Video Games and Collaboration
Virtual reality and game technologies have the ability to focus collaboration around meaningful experiences, offering the widest range of tangible interactions that mirror the real world. Whether or not the context or narrative of the game is realistic, players are time and again asked to solve real problems in order to advance.
The power of games to teach collaboration skills has been noted by global education leader Finland. This year the country is dramatically revamping their education delivery around topics, rather than subjects. Gone will be the insistence on the separateness of academic subjects, and rather a focus on how each discipline works with the others. “There will be a more collaborative approach, with pupils working in smaller groups to solve problems while improving their communication skills.”
Last year, I was invited to submit a white paper by education colleagues in Finland, for the leveraging of virtual environments and games to augment and support this effort at the undergraduate level. They have already identified gaming as a natural model for introducing early students to the methodology:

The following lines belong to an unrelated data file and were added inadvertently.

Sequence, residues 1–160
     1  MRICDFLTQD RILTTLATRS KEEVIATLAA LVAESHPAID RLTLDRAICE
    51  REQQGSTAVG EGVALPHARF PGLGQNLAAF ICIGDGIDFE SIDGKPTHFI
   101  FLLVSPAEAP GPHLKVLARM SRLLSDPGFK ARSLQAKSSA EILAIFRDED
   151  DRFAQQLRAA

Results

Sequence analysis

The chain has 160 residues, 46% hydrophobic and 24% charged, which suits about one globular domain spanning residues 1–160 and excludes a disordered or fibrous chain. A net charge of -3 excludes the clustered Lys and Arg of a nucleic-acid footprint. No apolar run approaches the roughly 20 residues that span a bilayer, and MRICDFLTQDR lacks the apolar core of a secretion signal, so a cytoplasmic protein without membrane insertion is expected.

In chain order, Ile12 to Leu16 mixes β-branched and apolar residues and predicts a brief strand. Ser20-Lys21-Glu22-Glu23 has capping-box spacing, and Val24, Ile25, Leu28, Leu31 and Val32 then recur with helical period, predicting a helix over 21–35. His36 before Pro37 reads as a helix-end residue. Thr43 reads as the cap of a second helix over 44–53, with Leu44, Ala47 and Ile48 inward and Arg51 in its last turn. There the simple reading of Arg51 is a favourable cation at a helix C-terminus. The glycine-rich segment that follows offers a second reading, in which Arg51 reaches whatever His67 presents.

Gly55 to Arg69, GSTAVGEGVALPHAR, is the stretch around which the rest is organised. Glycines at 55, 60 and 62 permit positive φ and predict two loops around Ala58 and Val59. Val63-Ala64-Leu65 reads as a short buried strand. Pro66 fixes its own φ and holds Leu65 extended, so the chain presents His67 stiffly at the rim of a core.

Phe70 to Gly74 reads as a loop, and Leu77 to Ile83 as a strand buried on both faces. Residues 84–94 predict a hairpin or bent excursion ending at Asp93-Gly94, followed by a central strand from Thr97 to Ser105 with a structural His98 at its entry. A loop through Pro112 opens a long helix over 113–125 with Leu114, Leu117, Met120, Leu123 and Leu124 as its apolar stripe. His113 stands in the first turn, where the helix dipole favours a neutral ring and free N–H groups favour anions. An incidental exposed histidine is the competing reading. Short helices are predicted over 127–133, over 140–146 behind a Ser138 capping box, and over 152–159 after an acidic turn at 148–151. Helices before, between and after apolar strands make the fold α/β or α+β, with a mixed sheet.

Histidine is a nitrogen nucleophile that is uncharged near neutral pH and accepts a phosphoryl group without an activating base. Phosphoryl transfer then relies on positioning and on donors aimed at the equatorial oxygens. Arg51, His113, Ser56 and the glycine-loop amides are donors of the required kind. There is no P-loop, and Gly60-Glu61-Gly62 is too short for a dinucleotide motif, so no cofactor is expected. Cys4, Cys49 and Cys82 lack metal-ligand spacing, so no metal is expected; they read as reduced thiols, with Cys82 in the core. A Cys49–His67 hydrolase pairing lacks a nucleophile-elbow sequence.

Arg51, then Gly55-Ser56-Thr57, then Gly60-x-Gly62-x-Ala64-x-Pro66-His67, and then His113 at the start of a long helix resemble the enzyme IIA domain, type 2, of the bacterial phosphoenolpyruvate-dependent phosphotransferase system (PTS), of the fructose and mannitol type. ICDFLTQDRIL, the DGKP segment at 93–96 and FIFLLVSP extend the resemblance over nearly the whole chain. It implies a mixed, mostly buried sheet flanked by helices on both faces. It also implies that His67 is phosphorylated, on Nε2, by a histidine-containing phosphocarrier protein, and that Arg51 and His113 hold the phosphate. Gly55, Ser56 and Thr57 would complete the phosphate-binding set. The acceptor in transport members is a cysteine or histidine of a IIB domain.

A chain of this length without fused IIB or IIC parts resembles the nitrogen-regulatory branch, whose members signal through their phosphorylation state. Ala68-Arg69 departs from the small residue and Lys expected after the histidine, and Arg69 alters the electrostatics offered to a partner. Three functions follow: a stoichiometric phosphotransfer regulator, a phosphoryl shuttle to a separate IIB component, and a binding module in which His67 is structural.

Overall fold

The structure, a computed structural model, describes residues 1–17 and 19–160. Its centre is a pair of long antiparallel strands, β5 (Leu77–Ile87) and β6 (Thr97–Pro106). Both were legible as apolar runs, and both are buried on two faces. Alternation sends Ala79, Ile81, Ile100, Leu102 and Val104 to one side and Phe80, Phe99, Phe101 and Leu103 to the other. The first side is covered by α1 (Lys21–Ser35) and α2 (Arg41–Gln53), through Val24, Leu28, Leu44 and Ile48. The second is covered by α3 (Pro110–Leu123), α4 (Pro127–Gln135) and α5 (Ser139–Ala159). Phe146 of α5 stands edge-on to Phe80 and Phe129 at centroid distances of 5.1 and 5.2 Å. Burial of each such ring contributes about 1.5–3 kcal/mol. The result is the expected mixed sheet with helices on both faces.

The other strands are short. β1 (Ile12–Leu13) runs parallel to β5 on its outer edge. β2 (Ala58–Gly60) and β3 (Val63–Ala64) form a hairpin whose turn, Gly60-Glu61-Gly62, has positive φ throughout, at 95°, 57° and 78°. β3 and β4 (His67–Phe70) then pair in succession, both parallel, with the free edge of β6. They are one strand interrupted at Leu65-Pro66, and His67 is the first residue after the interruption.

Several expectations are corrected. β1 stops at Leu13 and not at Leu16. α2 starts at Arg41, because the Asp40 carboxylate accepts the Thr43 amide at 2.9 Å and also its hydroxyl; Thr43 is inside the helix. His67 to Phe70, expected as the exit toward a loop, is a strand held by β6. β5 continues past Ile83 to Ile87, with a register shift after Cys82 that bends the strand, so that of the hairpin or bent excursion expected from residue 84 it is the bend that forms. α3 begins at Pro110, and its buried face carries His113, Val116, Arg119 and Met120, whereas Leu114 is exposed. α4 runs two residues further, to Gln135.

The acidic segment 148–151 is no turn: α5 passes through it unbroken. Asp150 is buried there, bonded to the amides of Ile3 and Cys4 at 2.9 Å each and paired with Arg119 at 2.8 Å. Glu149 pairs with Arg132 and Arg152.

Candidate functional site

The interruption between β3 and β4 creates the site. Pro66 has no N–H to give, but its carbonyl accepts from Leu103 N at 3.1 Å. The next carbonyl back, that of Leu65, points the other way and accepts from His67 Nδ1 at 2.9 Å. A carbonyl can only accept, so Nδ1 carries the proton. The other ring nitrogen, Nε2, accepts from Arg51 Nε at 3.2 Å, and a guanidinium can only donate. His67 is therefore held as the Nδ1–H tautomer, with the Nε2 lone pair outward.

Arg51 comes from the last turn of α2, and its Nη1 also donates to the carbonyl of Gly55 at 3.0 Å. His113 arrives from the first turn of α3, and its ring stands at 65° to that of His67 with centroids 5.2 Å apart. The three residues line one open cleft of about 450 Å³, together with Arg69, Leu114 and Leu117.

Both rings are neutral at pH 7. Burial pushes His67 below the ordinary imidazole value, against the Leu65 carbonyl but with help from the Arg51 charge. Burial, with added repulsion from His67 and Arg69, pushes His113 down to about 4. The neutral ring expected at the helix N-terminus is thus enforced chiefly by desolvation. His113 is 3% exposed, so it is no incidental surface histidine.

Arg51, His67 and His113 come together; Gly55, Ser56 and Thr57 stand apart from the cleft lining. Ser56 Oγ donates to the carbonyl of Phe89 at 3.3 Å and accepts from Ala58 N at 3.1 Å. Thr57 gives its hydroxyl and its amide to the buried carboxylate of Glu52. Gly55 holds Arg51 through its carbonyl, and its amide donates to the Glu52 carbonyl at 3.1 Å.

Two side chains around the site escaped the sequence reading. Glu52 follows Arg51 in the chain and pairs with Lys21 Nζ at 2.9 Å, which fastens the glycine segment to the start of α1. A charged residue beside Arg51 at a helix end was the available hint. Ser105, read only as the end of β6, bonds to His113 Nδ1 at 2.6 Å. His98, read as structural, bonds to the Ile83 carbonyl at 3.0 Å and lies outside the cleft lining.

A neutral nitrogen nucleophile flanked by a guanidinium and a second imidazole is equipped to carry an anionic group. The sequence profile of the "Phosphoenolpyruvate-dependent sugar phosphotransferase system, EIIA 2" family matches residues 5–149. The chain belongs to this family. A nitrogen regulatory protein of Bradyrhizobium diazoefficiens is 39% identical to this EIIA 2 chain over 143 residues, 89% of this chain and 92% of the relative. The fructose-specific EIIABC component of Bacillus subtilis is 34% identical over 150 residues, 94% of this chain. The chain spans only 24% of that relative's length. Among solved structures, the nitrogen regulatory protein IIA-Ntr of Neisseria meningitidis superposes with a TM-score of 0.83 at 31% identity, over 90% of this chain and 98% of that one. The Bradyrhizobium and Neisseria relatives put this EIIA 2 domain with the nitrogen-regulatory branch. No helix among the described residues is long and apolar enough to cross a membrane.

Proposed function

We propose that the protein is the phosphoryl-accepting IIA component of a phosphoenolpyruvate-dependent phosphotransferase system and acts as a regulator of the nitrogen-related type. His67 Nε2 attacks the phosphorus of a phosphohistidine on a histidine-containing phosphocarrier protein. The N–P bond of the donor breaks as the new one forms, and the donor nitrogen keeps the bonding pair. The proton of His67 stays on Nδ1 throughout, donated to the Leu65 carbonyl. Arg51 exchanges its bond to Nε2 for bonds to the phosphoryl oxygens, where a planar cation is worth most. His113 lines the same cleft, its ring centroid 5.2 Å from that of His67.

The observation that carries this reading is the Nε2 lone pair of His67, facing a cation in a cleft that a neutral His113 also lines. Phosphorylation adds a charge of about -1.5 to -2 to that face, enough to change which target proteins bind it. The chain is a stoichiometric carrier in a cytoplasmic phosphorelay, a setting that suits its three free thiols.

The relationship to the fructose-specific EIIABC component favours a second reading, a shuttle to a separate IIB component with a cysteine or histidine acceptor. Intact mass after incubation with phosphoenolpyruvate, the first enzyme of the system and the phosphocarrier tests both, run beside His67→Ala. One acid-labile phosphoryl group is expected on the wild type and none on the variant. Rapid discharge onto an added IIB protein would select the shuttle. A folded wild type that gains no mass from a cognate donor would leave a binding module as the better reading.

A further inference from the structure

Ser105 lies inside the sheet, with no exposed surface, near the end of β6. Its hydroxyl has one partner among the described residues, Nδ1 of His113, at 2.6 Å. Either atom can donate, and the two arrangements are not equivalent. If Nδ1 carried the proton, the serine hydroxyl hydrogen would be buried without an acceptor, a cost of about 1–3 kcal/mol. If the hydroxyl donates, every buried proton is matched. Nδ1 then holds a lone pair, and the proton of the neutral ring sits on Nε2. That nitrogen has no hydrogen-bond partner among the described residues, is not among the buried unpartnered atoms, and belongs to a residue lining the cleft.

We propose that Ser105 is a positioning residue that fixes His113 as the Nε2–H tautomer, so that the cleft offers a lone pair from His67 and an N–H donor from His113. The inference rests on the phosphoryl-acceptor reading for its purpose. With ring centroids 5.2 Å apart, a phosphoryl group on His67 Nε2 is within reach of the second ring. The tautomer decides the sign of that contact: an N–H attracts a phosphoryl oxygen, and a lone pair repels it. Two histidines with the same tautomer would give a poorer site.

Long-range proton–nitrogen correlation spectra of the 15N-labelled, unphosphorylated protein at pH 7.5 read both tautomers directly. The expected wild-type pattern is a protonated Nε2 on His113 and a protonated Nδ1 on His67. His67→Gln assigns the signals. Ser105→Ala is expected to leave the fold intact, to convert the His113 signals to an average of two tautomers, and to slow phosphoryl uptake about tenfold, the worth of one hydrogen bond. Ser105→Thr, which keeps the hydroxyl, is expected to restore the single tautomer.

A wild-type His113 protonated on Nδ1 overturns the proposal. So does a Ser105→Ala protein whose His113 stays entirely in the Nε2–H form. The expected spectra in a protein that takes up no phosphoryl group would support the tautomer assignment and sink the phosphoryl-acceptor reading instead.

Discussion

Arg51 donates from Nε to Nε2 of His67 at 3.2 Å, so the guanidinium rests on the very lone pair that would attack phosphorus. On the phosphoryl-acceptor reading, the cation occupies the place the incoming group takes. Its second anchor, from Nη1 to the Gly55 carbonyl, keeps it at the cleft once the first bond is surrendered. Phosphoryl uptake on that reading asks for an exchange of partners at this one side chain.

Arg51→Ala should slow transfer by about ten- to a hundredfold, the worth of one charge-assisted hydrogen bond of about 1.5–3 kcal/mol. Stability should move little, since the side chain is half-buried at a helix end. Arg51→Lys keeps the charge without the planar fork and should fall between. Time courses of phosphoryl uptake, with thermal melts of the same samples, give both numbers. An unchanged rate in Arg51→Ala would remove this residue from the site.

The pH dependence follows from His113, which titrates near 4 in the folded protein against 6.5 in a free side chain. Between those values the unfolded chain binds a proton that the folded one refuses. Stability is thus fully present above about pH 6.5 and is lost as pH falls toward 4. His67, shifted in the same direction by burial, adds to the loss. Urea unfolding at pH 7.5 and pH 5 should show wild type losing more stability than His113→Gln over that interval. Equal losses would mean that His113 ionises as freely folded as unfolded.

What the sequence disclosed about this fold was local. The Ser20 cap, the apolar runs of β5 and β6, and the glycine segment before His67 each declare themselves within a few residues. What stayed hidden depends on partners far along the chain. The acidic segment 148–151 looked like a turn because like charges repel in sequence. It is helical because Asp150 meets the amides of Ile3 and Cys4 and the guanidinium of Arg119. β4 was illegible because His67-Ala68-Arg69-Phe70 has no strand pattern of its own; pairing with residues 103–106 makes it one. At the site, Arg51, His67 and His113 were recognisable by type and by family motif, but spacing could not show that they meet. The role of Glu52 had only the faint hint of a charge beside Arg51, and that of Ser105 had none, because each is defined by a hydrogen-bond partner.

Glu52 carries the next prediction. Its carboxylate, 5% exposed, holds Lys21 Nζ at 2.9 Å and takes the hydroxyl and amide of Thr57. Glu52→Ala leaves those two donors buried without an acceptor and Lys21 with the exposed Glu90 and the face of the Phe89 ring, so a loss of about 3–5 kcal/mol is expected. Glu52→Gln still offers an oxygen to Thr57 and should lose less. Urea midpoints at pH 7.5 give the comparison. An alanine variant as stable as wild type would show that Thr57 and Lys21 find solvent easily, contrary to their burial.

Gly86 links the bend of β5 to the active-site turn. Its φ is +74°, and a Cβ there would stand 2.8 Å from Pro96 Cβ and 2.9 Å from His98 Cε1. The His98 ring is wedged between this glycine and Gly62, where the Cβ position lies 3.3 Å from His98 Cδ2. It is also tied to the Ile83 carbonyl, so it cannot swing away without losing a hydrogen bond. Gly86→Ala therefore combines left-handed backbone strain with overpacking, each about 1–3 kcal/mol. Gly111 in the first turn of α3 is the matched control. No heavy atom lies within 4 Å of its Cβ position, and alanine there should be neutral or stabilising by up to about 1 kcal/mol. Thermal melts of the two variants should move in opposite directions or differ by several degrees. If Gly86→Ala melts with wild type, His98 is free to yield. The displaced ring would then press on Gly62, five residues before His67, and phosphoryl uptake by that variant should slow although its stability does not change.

“the pre-school sector is also embracing change through an innovative project, the Playful Learning Centre, which is engaged in discussions with the computer games industry about how it could help introduce a more “playful” learning approach to younger children.”
The gaming framework becomes a teachable paradigm for further, advanced inquiry and group participation. The realization of the Gamification becomes a true cultural meme, communicated passively and accepted widely.
The Finnish example is a great indicator that the most tangible ways to teach and communicate effectively are directly supported by organic gaming constructs and mechanics. We know that these mediums are also powerful tools for co-creation, team problem solving, and interactive learning. As they become staples of educational delivery, a true learning revolution will emerge.
What do you need to collaborative on most, and can game technologies help?